Slowing down to connect

Slowing down to connect
A conversation about culture with Mark Leinbach

VL: Can you describe a time when different rituals, values, images, roles, customs, foods, or expectations needed to be understood in order to work together?

In my current role as Executive Director at SpringHaven, culture plays an important part in our daily rhythms. Our mental health counseling practice serves a large Amish and conservative Mennonite population. Many of our internal values and rituals reflect our customers or clients.

In several larger meetings with Amish, I was aware that I was not connecting with folks as much as I would have hoped. As I watched coworkers facilitate meetings, I realized that I wasn’t making enough effort to connect with people on a personal level before jumping into the topic at hand.

Connecting could mean telling a story or joke. It ultimately meant slowing down. I was able to find connections through talking about the recent gas station being built, loss in the community, or simple day-to-day happenings. These conversations helped to connect me to the group and to build trust.

After all, storytelling is such a large part of the Amish culture. Whether it’s telling the story of SpringHaven or of personal healing, people respond to stories.

Food helps as well.

 

VL: Has there been a time when you thought you were connecting or communicating, only to discover that it wasn’t being received the way you intended?

I have stumbled into this several times. One of the most recent examples is more humorous than anything: As I was walking through our office waiting area, I noticed a young boy was playing in our water feature. He started with splashing water with his hands, then he started putting his feet in the fountain.

Slightly amused, but wanting to maintain the quiet peaceful nature of the waiting area, I asked the boy to stop.  Nothing. No response. I asked a second time, a little louder. He looked at me, and he went right on playing in the water.

I could feel my frustration level growing as I imagined the behavior problems this child likely had and the lack of responsible parenting.  I looked around for his parents and didn’t see them. I guessed they were in a counseling session. Instead, I saw an older girl sitting close by. I asked her if she was a sister to the boy and if could she get him away from the water.

With a half smile she told me that the boy probably just didn’t understand me because he didn’t yet speak English. After she told the boy to get down in PA Dutch, I kicked myself for assuming the boy understood my instructions and that he was being intentionally defiant.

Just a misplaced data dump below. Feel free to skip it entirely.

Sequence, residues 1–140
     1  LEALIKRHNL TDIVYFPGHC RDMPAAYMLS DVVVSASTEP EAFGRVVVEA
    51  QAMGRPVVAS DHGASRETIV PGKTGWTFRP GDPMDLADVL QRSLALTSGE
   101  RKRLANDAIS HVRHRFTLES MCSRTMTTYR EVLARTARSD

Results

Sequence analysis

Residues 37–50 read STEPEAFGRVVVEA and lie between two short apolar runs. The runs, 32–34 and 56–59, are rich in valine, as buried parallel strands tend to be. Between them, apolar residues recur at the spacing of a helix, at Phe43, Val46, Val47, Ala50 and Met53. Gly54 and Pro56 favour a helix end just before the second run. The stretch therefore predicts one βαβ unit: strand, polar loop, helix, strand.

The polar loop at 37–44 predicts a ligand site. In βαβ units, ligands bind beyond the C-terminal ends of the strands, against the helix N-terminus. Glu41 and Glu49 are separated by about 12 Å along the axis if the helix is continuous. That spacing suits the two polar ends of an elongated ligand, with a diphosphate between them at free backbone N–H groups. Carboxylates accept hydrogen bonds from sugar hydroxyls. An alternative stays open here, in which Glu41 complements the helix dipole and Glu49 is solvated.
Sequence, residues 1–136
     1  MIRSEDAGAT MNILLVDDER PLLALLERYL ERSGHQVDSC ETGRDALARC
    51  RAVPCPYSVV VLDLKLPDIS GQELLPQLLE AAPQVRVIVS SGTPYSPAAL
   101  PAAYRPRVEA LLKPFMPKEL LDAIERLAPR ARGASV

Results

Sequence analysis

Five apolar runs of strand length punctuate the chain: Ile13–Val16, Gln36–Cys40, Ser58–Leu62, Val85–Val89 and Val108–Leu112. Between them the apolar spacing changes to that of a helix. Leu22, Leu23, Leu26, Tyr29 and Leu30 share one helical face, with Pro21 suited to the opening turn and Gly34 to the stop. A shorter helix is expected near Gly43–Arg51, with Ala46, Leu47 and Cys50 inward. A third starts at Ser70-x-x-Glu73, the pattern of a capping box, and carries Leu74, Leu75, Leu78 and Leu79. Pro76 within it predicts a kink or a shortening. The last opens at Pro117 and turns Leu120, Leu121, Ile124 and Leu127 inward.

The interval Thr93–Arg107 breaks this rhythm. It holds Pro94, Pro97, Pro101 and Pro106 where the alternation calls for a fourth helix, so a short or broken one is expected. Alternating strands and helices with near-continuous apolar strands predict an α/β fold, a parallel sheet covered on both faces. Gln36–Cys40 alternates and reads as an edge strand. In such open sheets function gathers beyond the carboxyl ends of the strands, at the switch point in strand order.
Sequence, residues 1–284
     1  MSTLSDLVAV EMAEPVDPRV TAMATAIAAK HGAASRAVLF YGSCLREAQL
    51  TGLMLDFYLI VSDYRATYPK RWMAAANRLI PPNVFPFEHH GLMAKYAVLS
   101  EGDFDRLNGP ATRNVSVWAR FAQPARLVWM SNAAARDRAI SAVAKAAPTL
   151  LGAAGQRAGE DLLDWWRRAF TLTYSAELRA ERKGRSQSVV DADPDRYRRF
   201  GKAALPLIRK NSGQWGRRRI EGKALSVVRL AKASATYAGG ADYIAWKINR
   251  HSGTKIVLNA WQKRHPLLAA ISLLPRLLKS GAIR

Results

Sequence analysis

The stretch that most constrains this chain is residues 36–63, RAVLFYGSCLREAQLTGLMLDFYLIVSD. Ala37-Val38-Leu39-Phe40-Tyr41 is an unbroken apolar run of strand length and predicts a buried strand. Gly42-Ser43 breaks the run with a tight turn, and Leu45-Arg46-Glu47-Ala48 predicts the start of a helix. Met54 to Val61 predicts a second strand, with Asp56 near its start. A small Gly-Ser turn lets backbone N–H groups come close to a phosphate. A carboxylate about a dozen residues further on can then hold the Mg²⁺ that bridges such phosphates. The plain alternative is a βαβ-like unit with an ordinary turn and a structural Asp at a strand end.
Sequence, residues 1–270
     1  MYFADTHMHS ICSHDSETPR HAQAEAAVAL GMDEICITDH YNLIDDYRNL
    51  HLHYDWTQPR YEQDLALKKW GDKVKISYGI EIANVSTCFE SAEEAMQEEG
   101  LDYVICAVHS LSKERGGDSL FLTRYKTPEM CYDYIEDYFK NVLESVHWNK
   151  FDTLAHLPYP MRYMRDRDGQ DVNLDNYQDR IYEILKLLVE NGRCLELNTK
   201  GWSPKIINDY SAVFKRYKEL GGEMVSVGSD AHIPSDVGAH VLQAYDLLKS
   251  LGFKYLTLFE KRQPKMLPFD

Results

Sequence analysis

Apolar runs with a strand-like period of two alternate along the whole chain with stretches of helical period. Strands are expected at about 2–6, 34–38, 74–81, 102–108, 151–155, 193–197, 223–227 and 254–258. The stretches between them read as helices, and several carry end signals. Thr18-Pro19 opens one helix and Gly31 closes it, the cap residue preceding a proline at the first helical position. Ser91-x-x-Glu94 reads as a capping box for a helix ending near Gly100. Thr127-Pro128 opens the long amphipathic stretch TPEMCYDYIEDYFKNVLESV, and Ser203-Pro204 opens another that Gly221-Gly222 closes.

While this story is definitely lighter, this situation has been true in other instances when working with the Plain community or other cultures. Due to cultural assumptions, values, or beliefs, there have been times I thought that my message should be understand exactly as I communicated it, only to find out that it wasn’t.

Even after working in this community for awhile, I continue to learn, specifically by asking questions so that I can get feedback from others.

 

VL: Can you share more about your experience working with individuals from different cultures? How has this experience challenged or strengthened your faith?

I really enjoy working with and learning from people with a variety of faith traditions. In counseling sessions, I am able to hear how their faith has been impacted by loss and mental illness. There is something very holy about being present with people in those darkest moments.

Working with different faith traditions has also played a role in my own spiritual development. I have been challenged to be more aware of my own assumptions. As I have moved into leadership positions I have intentionally sought-out time for spiritual development and growth. These experiences, as well as mentorship from others, has definitely helped in strengthening my faith.

 

VL: In your work, do you have any resources that have been especially helpful to you?

Working specifically with the Plain community and culture, I recommend The Amish, written by Donald Kraybill, Karen Johnson-Weiner and Steve Nolt, and Serving the Amish by James Cates.

Another book that I recently read, this one for an MBA class, is Images of Organization by Gareth Morgan. This text was helpful in thinking about organization as different metaphors, and the chapter on organizations as cultures was especially interesting.


The opinions expressed on this blog by post authors and commenters are theirs alone and do not reflect the opinions of MHS, nor is MHS responsible for the accuracy of any information supplied by authors or commenters.

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